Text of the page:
Monday, March 28, 2011
broadcast debates proposal to all the main broadcasting companies and some individuals saying that if they there was no commercial reason why broadcasting debates were not permitted and if my low estimate of costs was valid it would strongly suggest that the only other reason suggested, deliberate censorship, was correct.
Channel 4 sent an acknowledgement promising somebody would reply within 7 days but nobody did and the BBC explained "I can assure you we are guided by viewer feedback and your points have been fully registered on our audience log".
One individual in the industry did reply and while describing trying to get anything new in Scottish broadcasting as energy poured down the drain, did give a useful estimate for what such a programme would cost, assuming the broadcaster already has a couple of cameramen with free time and a venue, as major broadcasters always have.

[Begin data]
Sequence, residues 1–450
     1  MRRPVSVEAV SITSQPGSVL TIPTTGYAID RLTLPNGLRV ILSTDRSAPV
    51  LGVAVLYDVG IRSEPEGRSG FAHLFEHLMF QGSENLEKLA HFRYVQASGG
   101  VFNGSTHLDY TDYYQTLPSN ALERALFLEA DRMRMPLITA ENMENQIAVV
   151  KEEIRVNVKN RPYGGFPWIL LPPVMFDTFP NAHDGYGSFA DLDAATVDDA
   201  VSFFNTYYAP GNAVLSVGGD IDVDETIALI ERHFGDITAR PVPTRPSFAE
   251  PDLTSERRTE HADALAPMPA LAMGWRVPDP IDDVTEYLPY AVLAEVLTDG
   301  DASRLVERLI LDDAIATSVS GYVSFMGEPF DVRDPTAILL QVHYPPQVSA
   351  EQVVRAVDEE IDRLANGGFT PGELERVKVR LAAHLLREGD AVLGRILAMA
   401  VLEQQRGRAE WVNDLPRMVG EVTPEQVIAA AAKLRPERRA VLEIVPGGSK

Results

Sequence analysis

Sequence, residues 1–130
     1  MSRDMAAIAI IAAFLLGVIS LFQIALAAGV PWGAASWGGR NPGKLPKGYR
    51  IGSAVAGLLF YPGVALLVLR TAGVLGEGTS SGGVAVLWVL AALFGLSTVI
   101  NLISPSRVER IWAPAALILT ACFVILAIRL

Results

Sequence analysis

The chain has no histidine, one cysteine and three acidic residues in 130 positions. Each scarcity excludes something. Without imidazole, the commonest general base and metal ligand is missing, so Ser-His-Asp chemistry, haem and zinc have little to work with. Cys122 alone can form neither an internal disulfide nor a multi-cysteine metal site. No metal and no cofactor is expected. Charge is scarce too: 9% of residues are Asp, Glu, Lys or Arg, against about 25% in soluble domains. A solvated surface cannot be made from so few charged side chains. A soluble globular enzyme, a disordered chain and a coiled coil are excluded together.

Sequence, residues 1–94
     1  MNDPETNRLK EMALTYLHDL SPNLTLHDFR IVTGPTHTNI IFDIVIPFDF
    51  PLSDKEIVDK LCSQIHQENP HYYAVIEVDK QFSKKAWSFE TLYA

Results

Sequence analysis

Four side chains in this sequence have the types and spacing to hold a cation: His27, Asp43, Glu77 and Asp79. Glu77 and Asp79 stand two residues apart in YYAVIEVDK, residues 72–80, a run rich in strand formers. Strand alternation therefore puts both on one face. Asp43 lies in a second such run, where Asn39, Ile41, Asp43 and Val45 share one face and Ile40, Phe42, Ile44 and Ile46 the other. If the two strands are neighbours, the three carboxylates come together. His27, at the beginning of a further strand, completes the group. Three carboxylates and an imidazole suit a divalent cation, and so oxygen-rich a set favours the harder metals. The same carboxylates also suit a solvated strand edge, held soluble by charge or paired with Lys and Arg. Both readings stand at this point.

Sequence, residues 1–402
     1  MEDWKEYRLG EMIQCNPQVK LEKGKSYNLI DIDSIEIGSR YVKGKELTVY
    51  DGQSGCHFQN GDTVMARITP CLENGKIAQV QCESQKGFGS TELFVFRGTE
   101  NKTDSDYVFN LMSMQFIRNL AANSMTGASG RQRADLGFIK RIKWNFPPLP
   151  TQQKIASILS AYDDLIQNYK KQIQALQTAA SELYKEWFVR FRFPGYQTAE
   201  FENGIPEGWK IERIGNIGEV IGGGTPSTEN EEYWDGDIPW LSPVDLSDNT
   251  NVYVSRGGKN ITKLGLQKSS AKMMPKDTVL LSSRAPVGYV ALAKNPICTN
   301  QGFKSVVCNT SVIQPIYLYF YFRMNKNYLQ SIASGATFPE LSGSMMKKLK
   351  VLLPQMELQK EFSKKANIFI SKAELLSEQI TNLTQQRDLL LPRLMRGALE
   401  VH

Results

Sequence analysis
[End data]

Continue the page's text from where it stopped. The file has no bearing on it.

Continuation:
It wouldn’t cost much more than a couple of thousand pounds to research and do travel expenses of punters and pay for guestsWell under what I had been willing to estimate and what the BBC, with its £3.5 billion budget, spends every 18 seconds. I suspect that is well under 1% of what 10 O'clock Live, now on under 700,000 viewers, costs. Effectively dissected by Delingpole as "like attending one of those Maoist re-education lectures the Chinese used to impose on captured British and American prisoners during the Korean war. Only without the levity, rapier wit and penetrating intellectual sophistication" and more importantly, for commercial comparisons, still running. By comparison my poll on this question suggests a possible regular audience for serious debates would be 50% above Question Time's at 5 million.